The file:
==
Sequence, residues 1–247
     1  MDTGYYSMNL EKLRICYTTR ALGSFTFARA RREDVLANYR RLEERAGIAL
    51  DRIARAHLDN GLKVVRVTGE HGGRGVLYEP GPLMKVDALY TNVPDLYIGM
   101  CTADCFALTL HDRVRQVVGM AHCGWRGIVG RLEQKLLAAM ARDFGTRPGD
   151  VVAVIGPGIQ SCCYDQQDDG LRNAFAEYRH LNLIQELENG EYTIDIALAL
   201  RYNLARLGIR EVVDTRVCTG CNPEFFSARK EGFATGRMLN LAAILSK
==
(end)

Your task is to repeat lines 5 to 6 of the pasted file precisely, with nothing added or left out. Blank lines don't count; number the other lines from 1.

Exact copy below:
   151  VVAVIGPGIQ SCCYDQQDDG LRNAFAEYRH LNLIQELENG EYTIDIALAL
   201  RYNLARLGIR EVVDTRVCTG CNPEFFSARK EGFATGRMLN LAAILSK